Nineteenth-Century Disability:  Cultures & Contexts

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  • Tags: Technology

BeckerLibrary_RedConverstionTube.jpg
A conversation tube is a non-electric, acoustic device designed to amplify sounds for deaf or hard-of-hearing individuals and is constructed of a flexible tube with a mouthpiece at one end and an ear piece at the other. The device dates to the…

Ear Phonautograph.jpg
As disability theorists such as Douglas Baynton, Jonathan Rée, Lennard J. Davis, Jennifer Esmail, and Jan Branson and Don Miller explain, in both America and England in the mid-nineteenth century, attitudes toward sign language shifted: whereas in…

Mrs. Skewton's Bath Chair.jpg
Charles Dickens’s Dombey and Son (1846–1848) attests to his career-long interest in chair-bound characters[1]—characters who, because of illness, injury, or egotism, are confined or confine themselves to a “wheeled chair” (alternately…

Audiphone_c1926_BeckerLibrary.jpeg
On September 1879, Richard Silas Rhodes (1842-1902), president of a publishing company in Chicago, received a patent for his “Audiphone for the Deaf” his various improvements to the device. (U.S. Patent No. 319,828). Rhodes had conductive hearing…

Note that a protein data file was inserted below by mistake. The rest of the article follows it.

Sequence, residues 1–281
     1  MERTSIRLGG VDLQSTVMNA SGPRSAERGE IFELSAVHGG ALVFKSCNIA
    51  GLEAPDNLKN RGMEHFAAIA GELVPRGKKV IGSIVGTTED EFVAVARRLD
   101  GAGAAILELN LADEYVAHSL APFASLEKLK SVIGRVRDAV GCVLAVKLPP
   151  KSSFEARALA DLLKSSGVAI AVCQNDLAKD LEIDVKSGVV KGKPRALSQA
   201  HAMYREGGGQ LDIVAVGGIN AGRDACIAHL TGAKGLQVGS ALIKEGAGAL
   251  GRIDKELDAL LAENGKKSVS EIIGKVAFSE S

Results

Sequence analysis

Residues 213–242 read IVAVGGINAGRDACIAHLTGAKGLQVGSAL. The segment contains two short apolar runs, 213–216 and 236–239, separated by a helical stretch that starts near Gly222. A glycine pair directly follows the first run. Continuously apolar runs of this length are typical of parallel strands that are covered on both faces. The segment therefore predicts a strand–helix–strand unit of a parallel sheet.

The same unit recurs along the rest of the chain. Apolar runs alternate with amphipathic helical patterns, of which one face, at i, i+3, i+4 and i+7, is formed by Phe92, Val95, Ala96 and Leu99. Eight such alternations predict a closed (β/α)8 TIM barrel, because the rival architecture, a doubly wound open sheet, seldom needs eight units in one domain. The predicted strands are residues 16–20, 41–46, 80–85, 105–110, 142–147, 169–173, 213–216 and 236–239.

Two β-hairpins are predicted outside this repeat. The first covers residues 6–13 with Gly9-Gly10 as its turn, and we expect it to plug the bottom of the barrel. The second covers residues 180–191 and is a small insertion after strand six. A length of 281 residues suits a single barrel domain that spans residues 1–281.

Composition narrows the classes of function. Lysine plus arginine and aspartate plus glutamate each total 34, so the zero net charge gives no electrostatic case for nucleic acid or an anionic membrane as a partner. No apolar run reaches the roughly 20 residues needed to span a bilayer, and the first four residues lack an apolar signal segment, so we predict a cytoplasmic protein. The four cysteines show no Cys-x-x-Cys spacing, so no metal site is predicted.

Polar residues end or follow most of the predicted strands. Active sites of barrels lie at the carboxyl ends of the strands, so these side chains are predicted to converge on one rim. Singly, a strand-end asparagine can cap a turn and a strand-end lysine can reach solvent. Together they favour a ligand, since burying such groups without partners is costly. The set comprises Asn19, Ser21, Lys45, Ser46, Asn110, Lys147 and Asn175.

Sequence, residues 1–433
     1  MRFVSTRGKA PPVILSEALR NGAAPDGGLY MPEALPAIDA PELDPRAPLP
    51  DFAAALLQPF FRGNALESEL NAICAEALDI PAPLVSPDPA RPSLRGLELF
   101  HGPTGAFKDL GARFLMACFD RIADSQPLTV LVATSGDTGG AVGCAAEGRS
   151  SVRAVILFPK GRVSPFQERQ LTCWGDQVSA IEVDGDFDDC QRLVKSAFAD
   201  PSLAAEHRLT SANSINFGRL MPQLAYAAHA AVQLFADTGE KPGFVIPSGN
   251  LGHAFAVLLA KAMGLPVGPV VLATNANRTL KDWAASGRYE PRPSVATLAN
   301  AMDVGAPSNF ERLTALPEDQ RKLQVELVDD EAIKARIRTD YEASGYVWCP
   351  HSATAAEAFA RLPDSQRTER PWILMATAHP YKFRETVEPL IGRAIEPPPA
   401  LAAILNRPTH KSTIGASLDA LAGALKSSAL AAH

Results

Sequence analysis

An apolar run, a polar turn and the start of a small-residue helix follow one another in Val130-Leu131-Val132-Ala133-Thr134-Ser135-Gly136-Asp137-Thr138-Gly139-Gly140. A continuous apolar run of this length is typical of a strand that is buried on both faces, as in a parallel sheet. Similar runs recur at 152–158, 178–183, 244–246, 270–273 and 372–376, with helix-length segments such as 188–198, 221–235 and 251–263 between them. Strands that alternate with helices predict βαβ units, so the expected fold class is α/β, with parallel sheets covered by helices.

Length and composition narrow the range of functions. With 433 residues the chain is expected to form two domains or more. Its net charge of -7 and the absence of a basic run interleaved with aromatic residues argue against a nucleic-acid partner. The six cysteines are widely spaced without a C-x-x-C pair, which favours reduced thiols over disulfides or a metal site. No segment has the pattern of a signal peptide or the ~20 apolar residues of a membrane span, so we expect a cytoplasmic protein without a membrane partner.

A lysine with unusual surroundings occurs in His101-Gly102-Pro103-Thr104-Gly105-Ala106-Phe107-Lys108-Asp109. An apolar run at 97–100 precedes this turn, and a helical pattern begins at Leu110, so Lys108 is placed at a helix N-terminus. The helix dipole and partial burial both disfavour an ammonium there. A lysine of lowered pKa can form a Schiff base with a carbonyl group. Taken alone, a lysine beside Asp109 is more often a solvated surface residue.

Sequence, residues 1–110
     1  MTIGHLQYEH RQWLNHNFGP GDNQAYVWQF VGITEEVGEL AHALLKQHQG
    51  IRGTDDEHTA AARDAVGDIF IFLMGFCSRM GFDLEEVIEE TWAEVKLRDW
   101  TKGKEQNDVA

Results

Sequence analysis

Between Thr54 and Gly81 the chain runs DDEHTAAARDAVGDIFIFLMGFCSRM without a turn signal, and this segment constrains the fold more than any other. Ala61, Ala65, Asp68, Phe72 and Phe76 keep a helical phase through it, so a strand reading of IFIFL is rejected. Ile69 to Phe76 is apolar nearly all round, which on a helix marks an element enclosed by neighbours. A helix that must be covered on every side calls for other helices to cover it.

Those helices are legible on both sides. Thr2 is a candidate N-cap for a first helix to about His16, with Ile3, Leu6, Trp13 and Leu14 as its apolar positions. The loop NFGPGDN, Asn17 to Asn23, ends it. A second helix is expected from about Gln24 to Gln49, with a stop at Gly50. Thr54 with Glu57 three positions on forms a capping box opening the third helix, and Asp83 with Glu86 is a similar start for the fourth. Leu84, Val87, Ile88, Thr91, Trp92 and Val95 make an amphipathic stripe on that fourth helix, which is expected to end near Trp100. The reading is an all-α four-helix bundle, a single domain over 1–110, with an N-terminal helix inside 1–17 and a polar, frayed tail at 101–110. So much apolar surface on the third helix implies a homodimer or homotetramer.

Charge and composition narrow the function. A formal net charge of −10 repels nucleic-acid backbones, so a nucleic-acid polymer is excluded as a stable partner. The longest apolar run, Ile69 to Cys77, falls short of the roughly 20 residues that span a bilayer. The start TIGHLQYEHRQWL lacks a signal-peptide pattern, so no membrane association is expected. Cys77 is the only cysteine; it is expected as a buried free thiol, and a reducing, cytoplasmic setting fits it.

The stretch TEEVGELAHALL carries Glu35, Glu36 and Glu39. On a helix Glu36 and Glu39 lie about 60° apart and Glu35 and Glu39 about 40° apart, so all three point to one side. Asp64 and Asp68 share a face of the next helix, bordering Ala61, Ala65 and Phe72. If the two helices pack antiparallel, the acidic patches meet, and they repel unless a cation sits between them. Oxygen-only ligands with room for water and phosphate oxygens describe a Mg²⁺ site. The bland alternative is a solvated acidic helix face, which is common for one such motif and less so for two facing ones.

webster1.jpg
UK patent #7033, dated 17 March 1836, is the earliest British patent for a hearing aid device, granted to the aurist (19th century term for ear specialist) Alphonso William Webster, for his “curious” invention, the Otaphone (sometimes spelled…

eartrumpetmourning.jpg
The ear trumpet is among the earliest hearing aid devices designed to bring sound more effectively to the ear, dating to as early as 1800 when manufacturer Frederick Charles Rein opened shop in London (later becoming F.C. Rein & Son). They came…

Mr. Wegg.jpg
Our Mutual Friend, first published in serial form from 1864–1865, is a novel that literalises George Henry Lewes’s observation that Charles Dickens’s characters are wooden puppets that are brought to life by incident (“Realism and the Art of…

artificial thigh.jpg
Charles Manby Smith (1804–80) was a writer fascinated by and deeply concerned with the position of “cripples” in Victorian society. In the second edition of his most famous work Curiosities of London Life: Or, Phases, Physiological and Social,…

Edison phonograph 1.jpg
Thomas Edison’s phonograph was the first machine to reproduce the human voice. In December 1877, Edison’s associates assembled a device on which Edison recorded the words of the nursery rhyme “Mary Had a Little Lamb.” The prototype consisted…

Bath Chair Advert.jpg
In this advertisement for a variety of what we would now call “wheelchairs” or “lounge chairs,” J. Alderman offers “comfort for invalids” in his newly patented “Imperceptibly Graduating, Mechanical, and…
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